12 tips for traveling with pets

April 26, 2014 by  
Filed under Wind Energy Tips

More pet owners than ever are forgoing kennels and sitters to take their four-legged family members along on their journeys. A PetRelocation survey found that 42 percent of pet owners travel annually with their cats or dogs, and 90 percent had considered changing travel plans to accommodate pets. As the summer travel season arrives, consider these suggestions before hitting the road with, or booking a flight for, your pets.


Go mobile.

Make sure your pet is wearing an ID tag that has your mobile phone numbers, and not just your home address or home phone number. You want to make it easy to be reached on the road if your pet somehow gets separated from you. You may even want to purchase an inexpensive secondary ID tag with the address and phone number of where you plan to stay on your trip. If you’ve had a microchip put in your pet, make sure the contact information associated with it is current.

Create a checklist

Go through your daily routine with your pet and write down all the items you need, including the amount of food and any medications. Start a checklist that you update for several days so that you do not miss something important to your pet’s needs. Consider everything, including food, litter or waste bags and favorite toys. Save the checklist to a computer or mobile device and update it based on the location and duration of each trip.

Take a trial run

If you have not traveled much with your pets and plan to take a road trip, go on a long afternoon drive to see how they behave in the vehicle. You may even want to consider staying overnight at a hotel or friend’s home to test the anxiety level of your pets. In some cases, you may discover that your pets’ behaviors or personalities are not conducive to travel and that they would fare better at home.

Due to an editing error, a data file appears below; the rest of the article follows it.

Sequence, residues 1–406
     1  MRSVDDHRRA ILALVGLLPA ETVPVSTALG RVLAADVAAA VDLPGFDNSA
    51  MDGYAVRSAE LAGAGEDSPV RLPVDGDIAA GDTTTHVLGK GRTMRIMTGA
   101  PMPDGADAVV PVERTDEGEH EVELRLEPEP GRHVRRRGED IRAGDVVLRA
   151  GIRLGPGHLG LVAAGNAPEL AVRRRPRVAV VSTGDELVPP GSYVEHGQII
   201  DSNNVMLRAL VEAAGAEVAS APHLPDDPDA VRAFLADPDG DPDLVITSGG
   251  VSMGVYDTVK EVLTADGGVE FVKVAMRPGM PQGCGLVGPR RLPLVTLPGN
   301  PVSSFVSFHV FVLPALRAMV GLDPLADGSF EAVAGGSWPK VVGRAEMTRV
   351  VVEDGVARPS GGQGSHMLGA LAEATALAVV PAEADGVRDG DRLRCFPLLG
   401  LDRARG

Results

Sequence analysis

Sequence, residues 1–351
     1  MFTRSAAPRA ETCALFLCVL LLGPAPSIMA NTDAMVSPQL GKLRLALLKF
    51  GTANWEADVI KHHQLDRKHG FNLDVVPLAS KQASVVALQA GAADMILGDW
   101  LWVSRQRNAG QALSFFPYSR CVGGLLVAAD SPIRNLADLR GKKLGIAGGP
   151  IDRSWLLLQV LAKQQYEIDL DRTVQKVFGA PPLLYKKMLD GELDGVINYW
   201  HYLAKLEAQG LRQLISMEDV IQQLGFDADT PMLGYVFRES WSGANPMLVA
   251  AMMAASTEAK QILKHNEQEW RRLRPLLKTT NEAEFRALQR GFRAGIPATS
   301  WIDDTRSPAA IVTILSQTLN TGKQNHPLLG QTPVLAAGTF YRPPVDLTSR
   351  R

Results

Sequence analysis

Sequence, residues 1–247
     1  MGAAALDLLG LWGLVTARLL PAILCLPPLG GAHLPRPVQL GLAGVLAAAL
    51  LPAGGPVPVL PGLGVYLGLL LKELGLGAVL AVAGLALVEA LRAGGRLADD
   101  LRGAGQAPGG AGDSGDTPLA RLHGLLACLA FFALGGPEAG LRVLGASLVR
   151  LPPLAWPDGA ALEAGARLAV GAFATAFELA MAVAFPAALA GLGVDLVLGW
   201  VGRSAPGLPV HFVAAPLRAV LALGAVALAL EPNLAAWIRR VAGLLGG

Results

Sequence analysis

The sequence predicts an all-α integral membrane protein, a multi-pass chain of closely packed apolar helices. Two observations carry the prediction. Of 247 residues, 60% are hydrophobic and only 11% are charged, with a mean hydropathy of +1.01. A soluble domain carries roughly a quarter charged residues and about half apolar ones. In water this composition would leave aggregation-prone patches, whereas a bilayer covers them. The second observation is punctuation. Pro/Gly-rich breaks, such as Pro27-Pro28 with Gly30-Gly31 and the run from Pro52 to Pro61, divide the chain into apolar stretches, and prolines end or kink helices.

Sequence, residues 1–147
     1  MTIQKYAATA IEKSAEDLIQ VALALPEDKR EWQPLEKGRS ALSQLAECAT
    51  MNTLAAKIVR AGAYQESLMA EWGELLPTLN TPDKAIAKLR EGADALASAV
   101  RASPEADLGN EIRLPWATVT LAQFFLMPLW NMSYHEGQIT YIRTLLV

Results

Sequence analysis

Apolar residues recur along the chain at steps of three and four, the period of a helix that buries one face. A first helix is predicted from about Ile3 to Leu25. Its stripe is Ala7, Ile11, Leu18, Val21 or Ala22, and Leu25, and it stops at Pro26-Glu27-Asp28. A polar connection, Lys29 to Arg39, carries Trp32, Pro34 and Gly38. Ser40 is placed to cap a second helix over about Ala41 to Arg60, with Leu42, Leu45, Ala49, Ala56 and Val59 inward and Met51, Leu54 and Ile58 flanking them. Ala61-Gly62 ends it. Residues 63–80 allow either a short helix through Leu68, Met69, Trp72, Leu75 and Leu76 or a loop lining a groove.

Update records and meds

It is smart to take your own medical records with you when you are somewhere unfamiliar, and the same is true of pets. Find your latest set of shot records and other veterinary documentation to have on hand in an emergency. You should also plan ahead and anticipate any medications your pet may run out of while you are away from home and then refill prescriptions early.

Review travel restrictions

If you are flying, be sure to read up on your airline’s rules and fees and the requirements for travel. Most airlines allow you to bring pets small enough to fit under the seat in front of you for an additional fee. You may need to call ahead and to reserve their spot, as some airlines restrict the number of in-cabin pets on a flight.

If your pet is larger and isn’t a service animal, it likely will be traveling crated in a separate location from you. There are also some laws about interstate travel with animals — Hawaii, for instance, bans a number of species — so visit the Centers for Disease Control webpage about animal importation to understand those rules more thoroughly. Also be sure to bring updated medical records, as these sometimes are required.

Call ahead

Do not rely on a website or a travel guide to inform you of the pet policies of hotels, motels of campgrounds — call and find out what the policies are in advance to avoid being without a play to stay when you arrive.

“A hotel that says they do not accept pets may make an exception if you note that your dogs are well-trained, will be crated and will not be left alone in the room,” said LuAnn Stuver Rogers, owner of six cavalier King Charles spaniels and editor of “The Royal Dispatch,” the magazine for the American Cavalier King Charles Spaniel Club. She travels 10 to 12 times per year with at least some of them via airplanes, an RV or her personal vehicle.